US-CERT yesterday issued an alert in response to newly discovered vulnerabilities in Intel's Management Engine (ME), Server Platform Services (SPS), and Trusted Execution Engine (TXE) firmware that could allow an attacker to wrest control of machines running Intel processors.
According to Intel, its processors affected by the vulns are:
Researchers with Positive Technologies Research initially found the vulnerabilities in the ME and reported them to Intel. The researchers say they will provide more details on their findings during their presentation at Black Hat Europe next month.
"Intel ME is at the heart of a vast number of devices worldwide, which is why we felt it important to assess its security status. It sits deep below the OS and has visibility of a range of data, everything from information on the hard drive to the microphone and USB," said Maxim Goryachy, researcher at Positive Technologies. "Given this privileged level of access, a hacker with malicious intent could also use it to attack a target below the radar of traditional software-based countermeasures such as anti-virus."
Intel, meanwhile, said the flaws could allow an attacker to "impersonate" ME, SPS or TXE, and therefore compromise the machine's security; run code unnoticed by the user or the operating system, and to crash a system or cause "instability" to it.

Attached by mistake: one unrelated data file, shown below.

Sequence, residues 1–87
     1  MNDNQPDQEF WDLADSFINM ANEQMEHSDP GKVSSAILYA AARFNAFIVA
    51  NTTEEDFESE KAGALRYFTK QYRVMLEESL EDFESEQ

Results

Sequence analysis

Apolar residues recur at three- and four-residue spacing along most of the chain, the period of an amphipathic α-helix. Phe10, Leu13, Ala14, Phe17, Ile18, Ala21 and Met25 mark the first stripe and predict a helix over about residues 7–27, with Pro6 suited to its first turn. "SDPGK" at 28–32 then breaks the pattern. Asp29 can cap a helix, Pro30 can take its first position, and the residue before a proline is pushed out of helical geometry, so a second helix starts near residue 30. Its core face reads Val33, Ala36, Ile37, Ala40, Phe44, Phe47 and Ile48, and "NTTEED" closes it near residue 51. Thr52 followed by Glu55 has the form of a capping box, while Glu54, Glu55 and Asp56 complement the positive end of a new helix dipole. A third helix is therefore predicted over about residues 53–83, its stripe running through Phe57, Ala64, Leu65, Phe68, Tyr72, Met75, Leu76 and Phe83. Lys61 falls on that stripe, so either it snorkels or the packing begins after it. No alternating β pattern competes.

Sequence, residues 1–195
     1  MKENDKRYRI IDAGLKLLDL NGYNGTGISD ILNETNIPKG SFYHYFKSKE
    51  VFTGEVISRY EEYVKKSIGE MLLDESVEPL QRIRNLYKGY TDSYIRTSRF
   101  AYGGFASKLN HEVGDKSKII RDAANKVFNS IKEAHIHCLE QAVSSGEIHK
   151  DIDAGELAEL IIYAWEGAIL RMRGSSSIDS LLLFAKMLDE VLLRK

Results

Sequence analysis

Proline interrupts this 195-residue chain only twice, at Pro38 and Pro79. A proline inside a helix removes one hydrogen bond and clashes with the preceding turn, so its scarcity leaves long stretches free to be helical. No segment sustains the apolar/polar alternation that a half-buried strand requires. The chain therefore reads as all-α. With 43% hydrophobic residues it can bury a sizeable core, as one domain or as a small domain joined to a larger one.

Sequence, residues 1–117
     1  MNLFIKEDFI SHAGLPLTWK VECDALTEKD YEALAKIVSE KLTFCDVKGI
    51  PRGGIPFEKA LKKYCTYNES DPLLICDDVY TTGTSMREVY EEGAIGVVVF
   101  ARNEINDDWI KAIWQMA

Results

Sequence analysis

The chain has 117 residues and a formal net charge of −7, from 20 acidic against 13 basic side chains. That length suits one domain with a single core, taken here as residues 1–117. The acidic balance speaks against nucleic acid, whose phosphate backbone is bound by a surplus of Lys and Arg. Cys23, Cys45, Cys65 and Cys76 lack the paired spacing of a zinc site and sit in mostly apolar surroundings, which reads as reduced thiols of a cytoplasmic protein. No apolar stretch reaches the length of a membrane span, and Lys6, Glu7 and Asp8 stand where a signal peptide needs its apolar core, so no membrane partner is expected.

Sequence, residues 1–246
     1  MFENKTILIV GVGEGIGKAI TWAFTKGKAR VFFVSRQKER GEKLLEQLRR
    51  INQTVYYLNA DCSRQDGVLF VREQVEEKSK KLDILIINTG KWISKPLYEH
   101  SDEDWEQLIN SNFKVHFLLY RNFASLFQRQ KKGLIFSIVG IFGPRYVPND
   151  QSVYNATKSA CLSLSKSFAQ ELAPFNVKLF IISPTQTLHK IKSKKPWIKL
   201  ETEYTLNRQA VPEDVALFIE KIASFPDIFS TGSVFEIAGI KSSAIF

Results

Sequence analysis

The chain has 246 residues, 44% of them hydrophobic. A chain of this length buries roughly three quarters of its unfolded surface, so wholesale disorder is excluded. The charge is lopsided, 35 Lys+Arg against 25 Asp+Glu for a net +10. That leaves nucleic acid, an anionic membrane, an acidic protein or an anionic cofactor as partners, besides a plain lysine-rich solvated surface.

The chip manufacturer advises checking with OEMs to get a firmware update, and released a downloadable tool to determine whether a machine contains the vulns. "Intel highly recommends checking with your system OEM for updated firmware," the company wrote in its security advisory.
This is the second major firmware vulnerability issue for Intel this year. In early May, the company disclosed a critical privilege-escalation bug in its Active Management Technology (AMT) firmware used in many Intel chips that affected AMT firmware versions dating back to 2010.
That vulnerability, which was discovered by security firm Embedi, could allow an attacker to remotely delete or reinstall the operating system, control the mouse and keyboard, and execute malware on the machine. Intel patched the bug in a firmware update, but like the latest firmware finding, it was up to OEMs to issue it to users.
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Kelly Jackson Higgins is the Executive Editor of Dark Reading. She is an award-winning veteran technology and business journalist with more than two decades of experience in reporting and editing for various publications, including Network Computing, Secure Enterprise ... View Full Bio